Must be something in the air. JC Laurent’s Distressed World builds timely, futuristic movements of sound that infuse its surroundings with a sense of telling unease. But then of course that’s the world we exist in right now. Brutal beats provide a smoky structure for the unfolding layers of atmosphere to weave around the drums creating a compelling, haunting experience. The remix comes from Oliver Deutschmann in the shape of a Redub with heavier beats driving it all forwards with renewed vigour, while remaining tracks The Red Wire and Breakthrough complete the urgent call with further clarification.
Release: November 15 (vinyl)/ December 15 (digital)
Dance Like Nobody’s Watching EP
Rodriguez returns to the label after his previous 2008 outing with two new tracks that define 2013 as much as they do speak about the flux between old and new. Dance Like Nobody’s Watching is nostalgic for sure, but then that will either delight or bore you in equal measure – depending on your outlook on the current retrospection of the American House Music sound which evolved out of 1991. Perhaps, not surprisingly, I love this and Roberto gets it right down to the bone with punchy organ and piano chords adding neat definition to the â€˜feel alright’ vocal snippets. Oxymoron then flips the coin with the trackier style that came out of the same era as dark stabs and sizzling hi-hats take center stage. Lusciously intense this keeps you waiting with a tension building arrangement which peaks at the breakdown, while proceeding to push forward with the addition of trademark funky cowbell. The Black Madonna â€˜We Still Believe’ version of Danceâ€¦ finishes by proudly reaffirming the sentiment with heavy-duty kick drums and pure House bass spread out across a sparser selection of piano.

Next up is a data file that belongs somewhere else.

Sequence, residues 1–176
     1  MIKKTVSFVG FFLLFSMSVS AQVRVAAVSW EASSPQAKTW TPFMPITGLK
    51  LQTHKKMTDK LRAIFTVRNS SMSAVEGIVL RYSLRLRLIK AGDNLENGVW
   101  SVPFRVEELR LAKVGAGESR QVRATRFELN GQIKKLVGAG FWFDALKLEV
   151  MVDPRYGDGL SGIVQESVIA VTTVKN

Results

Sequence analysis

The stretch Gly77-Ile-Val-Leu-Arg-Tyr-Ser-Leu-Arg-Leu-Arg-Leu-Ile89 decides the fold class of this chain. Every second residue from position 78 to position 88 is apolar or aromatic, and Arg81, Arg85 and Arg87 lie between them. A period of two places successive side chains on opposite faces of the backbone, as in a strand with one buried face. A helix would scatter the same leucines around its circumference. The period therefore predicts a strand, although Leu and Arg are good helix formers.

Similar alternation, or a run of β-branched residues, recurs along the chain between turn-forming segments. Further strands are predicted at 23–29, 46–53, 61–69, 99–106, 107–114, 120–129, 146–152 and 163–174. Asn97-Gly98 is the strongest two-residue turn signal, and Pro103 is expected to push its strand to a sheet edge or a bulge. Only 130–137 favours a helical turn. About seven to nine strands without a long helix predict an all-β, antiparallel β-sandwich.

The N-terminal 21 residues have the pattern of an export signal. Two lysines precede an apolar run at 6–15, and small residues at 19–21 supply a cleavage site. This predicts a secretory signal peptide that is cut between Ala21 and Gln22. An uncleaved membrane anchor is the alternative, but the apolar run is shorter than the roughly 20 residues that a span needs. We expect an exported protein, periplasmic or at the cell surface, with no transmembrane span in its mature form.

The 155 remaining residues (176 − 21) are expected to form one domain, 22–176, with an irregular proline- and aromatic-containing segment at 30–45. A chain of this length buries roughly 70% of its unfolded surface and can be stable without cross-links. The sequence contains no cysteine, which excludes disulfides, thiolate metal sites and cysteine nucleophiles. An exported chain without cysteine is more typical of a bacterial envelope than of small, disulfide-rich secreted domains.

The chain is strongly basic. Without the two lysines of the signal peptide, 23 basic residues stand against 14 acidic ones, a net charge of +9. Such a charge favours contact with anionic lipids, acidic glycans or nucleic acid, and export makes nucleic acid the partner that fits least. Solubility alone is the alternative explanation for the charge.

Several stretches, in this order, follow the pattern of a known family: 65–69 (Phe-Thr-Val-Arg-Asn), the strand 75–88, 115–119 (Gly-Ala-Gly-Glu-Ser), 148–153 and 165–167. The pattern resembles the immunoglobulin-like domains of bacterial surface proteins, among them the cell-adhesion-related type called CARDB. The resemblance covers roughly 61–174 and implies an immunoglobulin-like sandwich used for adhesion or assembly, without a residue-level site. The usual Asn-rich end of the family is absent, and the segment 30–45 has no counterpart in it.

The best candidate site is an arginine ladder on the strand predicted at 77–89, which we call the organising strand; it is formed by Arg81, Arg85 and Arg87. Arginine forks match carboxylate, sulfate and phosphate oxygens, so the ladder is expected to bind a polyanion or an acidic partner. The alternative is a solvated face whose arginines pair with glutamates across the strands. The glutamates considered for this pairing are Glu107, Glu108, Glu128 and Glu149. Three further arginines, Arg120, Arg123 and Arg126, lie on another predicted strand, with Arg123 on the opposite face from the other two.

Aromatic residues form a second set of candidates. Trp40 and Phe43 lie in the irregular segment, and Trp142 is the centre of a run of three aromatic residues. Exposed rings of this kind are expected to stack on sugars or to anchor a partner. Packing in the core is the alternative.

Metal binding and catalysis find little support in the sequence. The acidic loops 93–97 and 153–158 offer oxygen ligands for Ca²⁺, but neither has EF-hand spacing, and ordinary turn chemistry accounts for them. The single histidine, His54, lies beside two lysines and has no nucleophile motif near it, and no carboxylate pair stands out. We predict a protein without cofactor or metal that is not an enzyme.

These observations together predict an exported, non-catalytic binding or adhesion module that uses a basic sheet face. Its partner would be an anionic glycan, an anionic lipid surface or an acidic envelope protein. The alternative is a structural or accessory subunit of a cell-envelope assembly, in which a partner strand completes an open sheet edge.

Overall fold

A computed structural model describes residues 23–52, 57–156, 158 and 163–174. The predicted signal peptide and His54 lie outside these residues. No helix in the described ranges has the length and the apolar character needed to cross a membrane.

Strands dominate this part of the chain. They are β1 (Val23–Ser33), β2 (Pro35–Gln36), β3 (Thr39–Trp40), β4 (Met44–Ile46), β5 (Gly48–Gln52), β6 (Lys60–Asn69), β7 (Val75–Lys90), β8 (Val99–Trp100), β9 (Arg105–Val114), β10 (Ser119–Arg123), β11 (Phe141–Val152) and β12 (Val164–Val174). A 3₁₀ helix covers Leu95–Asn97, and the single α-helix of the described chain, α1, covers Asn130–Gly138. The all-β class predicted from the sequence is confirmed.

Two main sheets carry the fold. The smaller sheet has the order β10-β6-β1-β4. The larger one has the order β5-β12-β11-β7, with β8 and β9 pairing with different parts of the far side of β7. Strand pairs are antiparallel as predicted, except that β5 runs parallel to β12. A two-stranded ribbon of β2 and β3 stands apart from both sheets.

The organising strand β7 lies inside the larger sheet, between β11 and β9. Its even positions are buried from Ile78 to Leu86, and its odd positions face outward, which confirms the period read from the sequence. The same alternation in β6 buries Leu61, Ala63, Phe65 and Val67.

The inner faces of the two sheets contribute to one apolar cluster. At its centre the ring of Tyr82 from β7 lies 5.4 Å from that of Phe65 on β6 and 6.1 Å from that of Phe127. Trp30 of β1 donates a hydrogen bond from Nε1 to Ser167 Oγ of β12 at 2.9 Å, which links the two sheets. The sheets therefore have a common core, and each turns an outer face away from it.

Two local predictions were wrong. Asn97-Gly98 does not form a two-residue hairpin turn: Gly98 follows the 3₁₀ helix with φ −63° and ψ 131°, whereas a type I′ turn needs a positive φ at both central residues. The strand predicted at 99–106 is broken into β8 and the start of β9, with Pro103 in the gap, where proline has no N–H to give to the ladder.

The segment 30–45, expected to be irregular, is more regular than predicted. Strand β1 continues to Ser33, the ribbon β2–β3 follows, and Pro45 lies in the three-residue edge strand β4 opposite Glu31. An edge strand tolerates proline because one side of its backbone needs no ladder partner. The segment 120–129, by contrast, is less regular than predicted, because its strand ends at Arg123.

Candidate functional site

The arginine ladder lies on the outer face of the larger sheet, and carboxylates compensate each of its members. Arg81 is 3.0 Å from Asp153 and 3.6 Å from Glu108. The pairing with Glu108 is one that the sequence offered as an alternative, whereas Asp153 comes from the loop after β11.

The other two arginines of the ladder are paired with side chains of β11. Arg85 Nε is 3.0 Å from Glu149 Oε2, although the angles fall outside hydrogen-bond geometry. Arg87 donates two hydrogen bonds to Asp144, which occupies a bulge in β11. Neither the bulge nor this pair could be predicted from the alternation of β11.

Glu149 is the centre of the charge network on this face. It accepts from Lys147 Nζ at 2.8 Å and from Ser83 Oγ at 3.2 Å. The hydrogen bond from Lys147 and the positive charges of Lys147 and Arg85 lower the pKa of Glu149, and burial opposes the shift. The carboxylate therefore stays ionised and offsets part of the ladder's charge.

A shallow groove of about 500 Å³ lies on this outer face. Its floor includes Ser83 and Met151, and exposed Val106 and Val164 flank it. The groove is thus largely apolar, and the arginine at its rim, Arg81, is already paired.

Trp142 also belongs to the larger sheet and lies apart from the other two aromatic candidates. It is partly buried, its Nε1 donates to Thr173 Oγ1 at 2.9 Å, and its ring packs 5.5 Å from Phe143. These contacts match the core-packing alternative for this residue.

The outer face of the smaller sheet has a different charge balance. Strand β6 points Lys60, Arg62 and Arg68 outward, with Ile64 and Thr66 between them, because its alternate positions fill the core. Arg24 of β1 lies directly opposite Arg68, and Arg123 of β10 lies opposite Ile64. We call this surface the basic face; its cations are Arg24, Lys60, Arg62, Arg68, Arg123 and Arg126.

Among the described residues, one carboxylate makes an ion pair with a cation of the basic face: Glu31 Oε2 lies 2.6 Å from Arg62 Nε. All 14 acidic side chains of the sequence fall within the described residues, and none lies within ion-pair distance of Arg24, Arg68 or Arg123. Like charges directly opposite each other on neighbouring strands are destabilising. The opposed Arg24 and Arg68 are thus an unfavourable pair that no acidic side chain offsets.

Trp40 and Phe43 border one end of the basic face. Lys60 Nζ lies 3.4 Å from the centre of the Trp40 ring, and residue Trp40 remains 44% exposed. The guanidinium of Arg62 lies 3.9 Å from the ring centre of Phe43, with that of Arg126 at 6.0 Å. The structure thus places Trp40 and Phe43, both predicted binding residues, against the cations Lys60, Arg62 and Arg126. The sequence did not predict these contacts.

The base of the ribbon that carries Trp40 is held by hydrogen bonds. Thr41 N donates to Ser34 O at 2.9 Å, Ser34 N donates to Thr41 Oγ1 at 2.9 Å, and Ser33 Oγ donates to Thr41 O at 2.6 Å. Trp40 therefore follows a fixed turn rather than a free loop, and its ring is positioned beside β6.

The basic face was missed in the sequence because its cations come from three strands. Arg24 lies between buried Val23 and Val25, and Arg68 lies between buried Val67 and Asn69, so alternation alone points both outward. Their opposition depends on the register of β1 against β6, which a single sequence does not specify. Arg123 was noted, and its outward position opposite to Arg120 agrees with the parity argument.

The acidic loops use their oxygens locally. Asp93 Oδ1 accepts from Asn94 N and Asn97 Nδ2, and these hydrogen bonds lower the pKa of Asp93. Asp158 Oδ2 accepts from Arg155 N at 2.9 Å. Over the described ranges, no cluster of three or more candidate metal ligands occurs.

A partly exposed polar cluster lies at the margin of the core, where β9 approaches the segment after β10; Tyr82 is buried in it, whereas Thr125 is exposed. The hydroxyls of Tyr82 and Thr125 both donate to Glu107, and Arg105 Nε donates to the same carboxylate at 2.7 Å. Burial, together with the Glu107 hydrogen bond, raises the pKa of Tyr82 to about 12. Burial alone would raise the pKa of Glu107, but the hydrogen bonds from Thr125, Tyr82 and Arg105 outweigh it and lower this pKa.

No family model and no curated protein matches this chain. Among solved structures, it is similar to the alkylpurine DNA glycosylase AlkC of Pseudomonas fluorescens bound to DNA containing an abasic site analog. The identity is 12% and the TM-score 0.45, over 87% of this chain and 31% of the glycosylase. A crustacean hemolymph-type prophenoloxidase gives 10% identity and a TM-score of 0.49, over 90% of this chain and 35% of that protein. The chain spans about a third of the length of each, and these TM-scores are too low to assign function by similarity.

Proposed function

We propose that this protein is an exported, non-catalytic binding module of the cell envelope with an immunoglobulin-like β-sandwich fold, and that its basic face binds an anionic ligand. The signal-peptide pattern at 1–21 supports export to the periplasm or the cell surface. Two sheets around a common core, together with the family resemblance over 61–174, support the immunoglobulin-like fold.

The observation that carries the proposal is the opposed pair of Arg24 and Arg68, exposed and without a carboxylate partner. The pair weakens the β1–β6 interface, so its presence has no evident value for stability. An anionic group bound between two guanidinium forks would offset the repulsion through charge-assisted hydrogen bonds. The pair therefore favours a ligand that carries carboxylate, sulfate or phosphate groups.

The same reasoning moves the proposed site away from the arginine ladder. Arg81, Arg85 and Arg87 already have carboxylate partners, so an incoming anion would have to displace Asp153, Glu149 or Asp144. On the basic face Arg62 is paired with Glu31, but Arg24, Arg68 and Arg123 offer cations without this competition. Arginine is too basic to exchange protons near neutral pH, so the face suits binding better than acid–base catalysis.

What I love about Mike Wall’s debut long player for Hidden is the fact that the German producer doesn’t dwell too much on subtleties. Its fast, pounding and very insistent music that is little short of compelling despite its brutal, sometimes beautiful intensity. The title track does what the excellent Mr G does only from a different angle with driving rhythms offset by moody stabs coupled with that breathless quality which you can’t quite seem to escape from. The fierce syncopation continues with All I Ever Wanted getting freaky with its twisted combination of stabs and (almost) Jazzy Sax. And so the story continues until you reach the titles: Suicide, Choose Life, Ketamine, then ending at Suggestion and I guess a climax is reached. Having said that the drum programming is always invigorating while the mood Mike Wall creates throughout is never less than spectacular.